Use this URL to cite or link to this record in EThOS: http://ethos.bl.uk/OrderDetails.do?uin=uk.bl.ethos.576551
Title: The evolution and perceptions of home economics in Malaysia
Author: Chew, Moy Hua
Awarding Body: Liverpool John Moores University
Current Institution: Liverpool John Moores University
Date of Award: 2011
Availability of Full Text:
Access through EThOS:
Abstract:
This study on the evolution of Home Economics has shown that the English Domestic Science framework was used as the foundation of the Malaysian Domestic Science. In addition, three phases of development on Home Economics took place in Malaysia, foundation, consolidation and expansion, were identified. Home Economics in Malaysia is identified as a multidisciplinary subject As for the impact of British colonisation, its effects have been far-reaching on the lives of those who had taken Home Economics. The findings from this study illustrate the esteem with which the subject was held. The legacy of the English influence on the Malaysian education policies and technology cannot be denied. Concerning the perceptions of Home Economics in Malaysia, the finding had shown that Home Economics in Malaysia is also perceived as a multidisciplinary subject Two distinctive orientations of Home Economics were elicited from the participants. The social orientation of Home Economics includes the basic knowledge and skills of cooking, sewing, budgeting, physical resource management, family relationships, human development, nutritional knowledge and the impact of technology. The diminishing of basic skills in cooking and sewing among the younger generation is the most obvious trend. So long as human beings exist, the three basic physiological needs: food, clothing and shelter will remain fundamental, so these must also underlie the social aspect of Home Economics. This must be taught to all at school level in order to educate the future generation to be a wholesome person intellectually, spiritually, emotionally and physically as stated in the Malaysian Educational Philosophy. However, the economic aspect of Home Economics, which includes technical/vocational Home Economics subjects in school, and vocational Home Economics programmes at extension level as well as at university, has the edge over the social aspect of Home Economics, because of the current government policy on mainstreaming Technical and Vocational Education. Moreover, the cognitive skills include critical thinking, problem solving and creativity, and affective skills such as relationship skills, active listening and negotiation skills, are embedded in each area of the content of Home Economics. Some undergraduates from university had suggested renaming, but retaining the name 'Home Economics' is the way forward for Malaysia because many countries had experienced that renaming would not solve the issue of status or identity. In terms of the public's perception on gender roles and gender stereotyping, there still exists the unequal power relationship attributed to Home Economics and women in the Malaysian context This patriarchal society still marginalises and categorises Home Economics and women both as powerless and trivialises their input into society. This is despite a refocusing of Home Economics in Malaysia, partly due to a move towards western values and the cultivation of career perspectives, whilst in essence the education system continues to propagate patriarchal ideology through the hidden curriculum, By analysing society through the feminist lens and beginning the process of employing the technique of consciousness raising within education, would help to empower women in Malaysia to challenge inequality and unequal power relationships that currently exist in Home Economics careers and for women in Malaysia society.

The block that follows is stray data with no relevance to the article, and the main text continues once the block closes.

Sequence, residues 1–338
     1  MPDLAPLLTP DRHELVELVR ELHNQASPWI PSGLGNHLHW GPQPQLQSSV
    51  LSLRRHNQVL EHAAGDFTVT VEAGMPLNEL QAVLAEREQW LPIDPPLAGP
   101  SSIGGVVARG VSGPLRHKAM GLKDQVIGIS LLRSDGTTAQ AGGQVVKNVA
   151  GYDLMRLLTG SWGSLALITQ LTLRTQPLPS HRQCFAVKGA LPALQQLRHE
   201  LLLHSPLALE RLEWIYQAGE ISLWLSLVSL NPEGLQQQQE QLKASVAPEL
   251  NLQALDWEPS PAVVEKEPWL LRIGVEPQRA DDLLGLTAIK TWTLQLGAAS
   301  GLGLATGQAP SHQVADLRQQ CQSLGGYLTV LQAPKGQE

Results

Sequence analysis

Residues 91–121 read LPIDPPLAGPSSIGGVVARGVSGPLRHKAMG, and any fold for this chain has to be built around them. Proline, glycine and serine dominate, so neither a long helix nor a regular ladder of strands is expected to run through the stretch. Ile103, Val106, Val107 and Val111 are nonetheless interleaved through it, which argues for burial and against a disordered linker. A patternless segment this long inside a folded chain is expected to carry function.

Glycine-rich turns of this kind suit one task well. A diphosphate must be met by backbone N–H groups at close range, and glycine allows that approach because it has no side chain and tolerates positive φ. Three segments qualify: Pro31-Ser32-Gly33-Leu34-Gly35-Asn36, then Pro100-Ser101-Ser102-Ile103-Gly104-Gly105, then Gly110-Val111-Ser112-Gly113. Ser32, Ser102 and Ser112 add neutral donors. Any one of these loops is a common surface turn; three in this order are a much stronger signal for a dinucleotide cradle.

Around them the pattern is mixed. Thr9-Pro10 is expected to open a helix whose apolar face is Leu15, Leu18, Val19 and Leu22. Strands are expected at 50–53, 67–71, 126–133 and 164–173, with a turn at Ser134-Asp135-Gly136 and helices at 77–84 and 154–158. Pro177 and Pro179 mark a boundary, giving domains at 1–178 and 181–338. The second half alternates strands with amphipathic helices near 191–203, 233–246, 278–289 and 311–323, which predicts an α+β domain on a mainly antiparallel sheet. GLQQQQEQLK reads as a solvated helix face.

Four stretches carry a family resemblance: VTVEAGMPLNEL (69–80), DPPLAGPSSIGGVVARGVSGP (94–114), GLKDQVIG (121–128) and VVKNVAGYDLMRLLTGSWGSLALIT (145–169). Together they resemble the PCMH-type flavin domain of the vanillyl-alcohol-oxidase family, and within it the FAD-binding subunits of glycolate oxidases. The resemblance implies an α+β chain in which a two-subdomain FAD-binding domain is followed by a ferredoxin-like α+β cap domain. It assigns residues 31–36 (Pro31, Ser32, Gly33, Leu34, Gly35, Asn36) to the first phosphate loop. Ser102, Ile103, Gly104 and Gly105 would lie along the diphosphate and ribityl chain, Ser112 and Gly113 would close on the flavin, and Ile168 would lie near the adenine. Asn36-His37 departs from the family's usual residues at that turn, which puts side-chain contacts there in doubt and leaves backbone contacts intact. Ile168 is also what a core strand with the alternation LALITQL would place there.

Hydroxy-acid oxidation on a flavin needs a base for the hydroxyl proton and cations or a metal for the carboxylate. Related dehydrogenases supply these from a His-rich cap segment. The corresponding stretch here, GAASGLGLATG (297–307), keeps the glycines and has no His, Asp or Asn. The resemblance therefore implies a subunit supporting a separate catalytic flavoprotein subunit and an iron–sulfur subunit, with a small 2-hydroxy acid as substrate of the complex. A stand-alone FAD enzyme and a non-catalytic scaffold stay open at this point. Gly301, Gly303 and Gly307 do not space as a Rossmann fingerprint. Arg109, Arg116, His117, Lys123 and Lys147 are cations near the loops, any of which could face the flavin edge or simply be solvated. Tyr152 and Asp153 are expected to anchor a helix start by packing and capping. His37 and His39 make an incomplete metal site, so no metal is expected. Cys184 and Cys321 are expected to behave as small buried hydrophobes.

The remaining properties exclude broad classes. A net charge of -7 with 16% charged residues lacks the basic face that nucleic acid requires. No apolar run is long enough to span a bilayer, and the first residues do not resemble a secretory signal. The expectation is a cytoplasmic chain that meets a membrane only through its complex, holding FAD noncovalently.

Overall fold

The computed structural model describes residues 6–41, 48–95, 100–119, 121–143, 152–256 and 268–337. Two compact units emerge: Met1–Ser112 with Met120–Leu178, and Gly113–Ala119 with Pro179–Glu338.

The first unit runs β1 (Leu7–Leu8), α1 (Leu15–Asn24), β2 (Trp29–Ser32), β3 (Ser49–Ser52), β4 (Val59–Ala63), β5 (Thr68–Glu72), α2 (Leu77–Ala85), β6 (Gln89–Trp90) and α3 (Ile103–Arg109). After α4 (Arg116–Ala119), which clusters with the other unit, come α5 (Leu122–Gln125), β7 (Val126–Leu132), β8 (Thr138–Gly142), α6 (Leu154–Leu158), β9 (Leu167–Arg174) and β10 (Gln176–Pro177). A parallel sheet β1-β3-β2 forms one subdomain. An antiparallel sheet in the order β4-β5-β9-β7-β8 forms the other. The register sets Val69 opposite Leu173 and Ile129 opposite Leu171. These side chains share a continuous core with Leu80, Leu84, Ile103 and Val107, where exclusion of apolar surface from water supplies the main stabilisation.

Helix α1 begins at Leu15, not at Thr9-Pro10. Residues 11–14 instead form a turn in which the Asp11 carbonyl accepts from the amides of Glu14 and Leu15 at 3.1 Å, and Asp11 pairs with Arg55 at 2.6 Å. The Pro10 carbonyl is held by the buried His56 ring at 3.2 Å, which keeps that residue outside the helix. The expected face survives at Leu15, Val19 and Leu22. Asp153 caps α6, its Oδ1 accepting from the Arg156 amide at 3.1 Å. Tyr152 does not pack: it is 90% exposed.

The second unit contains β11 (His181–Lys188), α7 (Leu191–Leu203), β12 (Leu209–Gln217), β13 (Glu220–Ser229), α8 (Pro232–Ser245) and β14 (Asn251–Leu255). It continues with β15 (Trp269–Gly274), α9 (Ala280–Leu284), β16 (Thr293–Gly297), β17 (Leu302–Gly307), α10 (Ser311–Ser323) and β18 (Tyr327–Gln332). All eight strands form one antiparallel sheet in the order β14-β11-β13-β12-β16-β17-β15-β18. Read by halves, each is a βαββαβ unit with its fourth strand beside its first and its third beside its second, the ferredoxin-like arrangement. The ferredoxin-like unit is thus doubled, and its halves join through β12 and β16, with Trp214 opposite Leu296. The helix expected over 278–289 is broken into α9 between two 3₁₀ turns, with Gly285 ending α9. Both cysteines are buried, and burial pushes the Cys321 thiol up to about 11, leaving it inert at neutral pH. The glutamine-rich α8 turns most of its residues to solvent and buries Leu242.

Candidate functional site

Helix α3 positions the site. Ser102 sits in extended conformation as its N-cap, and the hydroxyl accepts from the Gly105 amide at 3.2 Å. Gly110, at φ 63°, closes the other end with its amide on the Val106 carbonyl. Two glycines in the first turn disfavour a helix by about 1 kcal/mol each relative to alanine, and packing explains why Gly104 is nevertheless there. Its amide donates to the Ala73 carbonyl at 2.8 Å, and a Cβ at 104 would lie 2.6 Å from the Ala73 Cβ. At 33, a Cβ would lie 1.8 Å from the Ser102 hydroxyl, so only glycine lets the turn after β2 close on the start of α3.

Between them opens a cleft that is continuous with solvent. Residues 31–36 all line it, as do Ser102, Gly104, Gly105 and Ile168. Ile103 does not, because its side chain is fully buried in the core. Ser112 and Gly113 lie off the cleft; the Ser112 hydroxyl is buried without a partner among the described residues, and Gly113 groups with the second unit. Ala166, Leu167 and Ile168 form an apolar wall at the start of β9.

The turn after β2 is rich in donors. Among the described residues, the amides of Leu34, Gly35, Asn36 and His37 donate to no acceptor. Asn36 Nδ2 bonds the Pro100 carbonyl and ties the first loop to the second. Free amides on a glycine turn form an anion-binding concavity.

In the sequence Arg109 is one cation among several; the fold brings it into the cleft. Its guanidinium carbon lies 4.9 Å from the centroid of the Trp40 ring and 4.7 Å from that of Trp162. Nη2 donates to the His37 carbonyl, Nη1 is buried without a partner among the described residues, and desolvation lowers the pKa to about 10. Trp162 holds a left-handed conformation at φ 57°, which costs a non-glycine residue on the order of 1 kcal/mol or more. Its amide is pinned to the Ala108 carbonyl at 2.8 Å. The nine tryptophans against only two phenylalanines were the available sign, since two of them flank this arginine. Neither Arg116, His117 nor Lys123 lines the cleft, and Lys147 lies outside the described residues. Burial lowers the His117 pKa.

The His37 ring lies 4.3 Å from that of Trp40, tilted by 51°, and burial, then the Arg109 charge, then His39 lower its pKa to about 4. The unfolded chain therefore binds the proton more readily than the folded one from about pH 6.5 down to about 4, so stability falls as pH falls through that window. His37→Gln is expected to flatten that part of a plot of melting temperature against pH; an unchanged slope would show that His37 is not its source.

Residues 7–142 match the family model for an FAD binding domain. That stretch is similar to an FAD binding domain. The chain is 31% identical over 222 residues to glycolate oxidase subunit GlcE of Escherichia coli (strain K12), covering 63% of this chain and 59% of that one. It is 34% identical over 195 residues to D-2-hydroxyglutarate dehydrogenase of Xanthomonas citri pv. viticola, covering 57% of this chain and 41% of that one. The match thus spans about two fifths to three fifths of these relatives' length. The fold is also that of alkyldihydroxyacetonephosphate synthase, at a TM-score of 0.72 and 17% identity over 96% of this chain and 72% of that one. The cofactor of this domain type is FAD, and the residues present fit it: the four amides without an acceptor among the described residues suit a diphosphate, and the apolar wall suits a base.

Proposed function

Supervisor: Not available Sponsor: Not available
Qualification Name: Thesis (Ph.D.) Qualification Level: Doctoral
EThOS ID: uk.bl.ethos.576551  DOI: Not available
Share: